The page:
Michelle Wolf’s 19-minute set from the White House Correspondents’ Dinner…[is] a courageous, knife-edge bit of comedy, dense with great jokes and harsh as hell. It makes you squirm, and that’s the point.
As Judas, Brandon Victor Dixon was simply fantastic. The only capable actor among the principals, Dixon sang beautifully, interpreting the material instead of painting by numbers. He brought unpredictability and riveting vitality to the production, and made it seem effortless. He pulled me to my feet several times, my internal 16 year-old pumping his fist and lip-syncing with the TV.
As a performer being honored, essentially, for her empathy, it’s entirely appropriate for Streep to highlight a performance anathema to her life’s work. In context, she was saying “performers have great power and great responsibility.”
The Americans nails its environment, characters, and never-stop plot twists right from the start. [It features] spectacular acting, and the kind of multilayered insight into human relationships more often found in literature than pop entertainment.
The OA is a story about stories, a kind of “nesting doll,” with several narrators of varying unreliability impacting our understanding. It circles back on itself, with visual touchstones that alternately drive home points or upend what we thought we knew.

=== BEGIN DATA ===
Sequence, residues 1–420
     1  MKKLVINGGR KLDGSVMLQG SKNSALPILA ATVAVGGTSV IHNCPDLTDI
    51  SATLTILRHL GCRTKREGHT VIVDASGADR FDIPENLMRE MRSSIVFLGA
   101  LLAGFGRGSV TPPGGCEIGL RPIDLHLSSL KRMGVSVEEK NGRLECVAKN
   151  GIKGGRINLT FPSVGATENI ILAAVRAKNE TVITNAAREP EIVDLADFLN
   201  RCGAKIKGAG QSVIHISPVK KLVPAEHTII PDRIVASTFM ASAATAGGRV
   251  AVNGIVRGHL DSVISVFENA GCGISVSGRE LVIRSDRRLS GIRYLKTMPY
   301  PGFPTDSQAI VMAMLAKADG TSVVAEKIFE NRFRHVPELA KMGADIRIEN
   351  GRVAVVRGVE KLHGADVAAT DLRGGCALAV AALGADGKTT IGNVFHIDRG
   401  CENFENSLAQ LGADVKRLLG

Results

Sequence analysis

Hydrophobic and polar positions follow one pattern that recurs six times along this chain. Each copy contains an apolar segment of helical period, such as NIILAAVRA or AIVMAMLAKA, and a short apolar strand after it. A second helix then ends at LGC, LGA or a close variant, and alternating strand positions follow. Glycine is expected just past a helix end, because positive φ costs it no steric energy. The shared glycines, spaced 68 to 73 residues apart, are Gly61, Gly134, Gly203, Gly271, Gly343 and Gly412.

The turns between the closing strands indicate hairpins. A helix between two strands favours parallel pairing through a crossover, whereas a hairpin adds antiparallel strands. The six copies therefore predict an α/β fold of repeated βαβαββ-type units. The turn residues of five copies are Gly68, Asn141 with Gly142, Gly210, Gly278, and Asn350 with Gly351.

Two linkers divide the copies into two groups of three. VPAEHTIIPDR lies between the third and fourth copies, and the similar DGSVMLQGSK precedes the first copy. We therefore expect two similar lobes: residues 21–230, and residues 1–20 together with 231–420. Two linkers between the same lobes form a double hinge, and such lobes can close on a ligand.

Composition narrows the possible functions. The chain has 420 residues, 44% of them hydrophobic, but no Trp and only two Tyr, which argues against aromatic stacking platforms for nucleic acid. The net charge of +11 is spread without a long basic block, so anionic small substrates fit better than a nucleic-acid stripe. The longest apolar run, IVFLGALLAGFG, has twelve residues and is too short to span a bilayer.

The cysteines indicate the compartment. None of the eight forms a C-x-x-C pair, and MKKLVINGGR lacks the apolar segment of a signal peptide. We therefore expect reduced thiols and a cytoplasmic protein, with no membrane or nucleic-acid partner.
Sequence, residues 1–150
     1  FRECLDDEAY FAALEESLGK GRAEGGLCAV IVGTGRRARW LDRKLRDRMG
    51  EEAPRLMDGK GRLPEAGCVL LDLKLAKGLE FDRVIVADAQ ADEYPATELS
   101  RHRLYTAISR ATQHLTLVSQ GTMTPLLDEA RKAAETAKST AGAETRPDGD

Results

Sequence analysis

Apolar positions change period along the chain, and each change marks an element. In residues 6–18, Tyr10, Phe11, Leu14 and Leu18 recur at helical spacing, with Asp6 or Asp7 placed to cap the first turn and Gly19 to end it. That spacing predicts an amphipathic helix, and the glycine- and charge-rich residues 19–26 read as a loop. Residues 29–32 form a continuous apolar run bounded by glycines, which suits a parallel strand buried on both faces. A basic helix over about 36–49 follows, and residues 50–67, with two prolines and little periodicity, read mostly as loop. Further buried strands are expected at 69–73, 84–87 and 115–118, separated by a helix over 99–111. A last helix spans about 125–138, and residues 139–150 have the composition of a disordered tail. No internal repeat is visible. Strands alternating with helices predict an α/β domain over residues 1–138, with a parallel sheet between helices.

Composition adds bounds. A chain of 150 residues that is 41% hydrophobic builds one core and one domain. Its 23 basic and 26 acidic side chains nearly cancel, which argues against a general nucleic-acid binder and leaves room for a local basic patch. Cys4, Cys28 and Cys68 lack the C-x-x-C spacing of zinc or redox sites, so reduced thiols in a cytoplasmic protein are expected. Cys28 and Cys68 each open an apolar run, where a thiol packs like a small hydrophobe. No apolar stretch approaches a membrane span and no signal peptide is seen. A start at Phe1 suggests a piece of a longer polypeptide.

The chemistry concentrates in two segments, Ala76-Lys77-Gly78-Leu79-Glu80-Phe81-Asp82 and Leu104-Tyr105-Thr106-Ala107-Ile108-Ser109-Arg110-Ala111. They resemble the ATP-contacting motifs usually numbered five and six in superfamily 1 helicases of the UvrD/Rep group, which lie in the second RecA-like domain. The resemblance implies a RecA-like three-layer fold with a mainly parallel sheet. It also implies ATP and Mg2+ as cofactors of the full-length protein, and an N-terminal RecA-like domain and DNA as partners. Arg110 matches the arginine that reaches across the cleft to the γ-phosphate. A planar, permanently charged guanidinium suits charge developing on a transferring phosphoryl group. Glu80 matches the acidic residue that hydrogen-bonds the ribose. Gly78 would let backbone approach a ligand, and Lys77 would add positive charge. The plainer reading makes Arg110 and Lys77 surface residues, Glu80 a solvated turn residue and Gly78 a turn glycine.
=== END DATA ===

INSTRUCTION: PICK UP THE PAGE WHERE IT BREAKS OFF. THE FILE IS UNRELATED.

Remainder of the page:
The bottom line: Manages sublime fan service and (surprisingly) moves the characters forward, at last. I thought the legendary “last four words” were perfect closure.
Creator Gene Roddenberry summarized his idea as “Wagon Train to the Stars.” He imagined an Earth that had overcome hunger and poverty for all citizens, now traveling to other worlds to help others.
Stranger Things is a definitive 1980s mixtape – Stephen King by way of Spielberg.
Last night, Stephen Colbert put Jon Stewart behind his Late Show desk for ten glorious minutes…Stewart’s well crafted, very funny sketch was a balm. It was performance art, more than anything else – at once elegant and raw, expressing something we needed.
Actors Caitriona Balfe and Sam Heughan explore depths far beyond Gabaldon’s Harlequin characterizations…an erotic and intensely romantic crowd-pleaser.